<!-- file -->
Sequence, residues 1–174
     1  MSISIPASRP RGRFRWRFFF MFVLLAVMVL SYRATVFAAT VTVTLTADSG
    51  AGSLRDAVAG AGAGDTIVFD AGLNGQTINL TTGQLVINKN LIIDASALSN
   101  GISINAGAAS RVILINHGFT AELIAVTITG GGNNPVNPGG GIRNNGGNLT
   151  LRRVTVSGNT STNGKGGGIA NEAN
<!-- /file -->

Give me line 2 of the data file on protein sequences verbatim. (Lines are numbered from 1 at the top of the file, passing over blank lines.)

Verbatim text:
     1  MSISIPASRP RGRFRWRFFF MFVLLAVMVL SYRATVFAAT VTVTLTADSG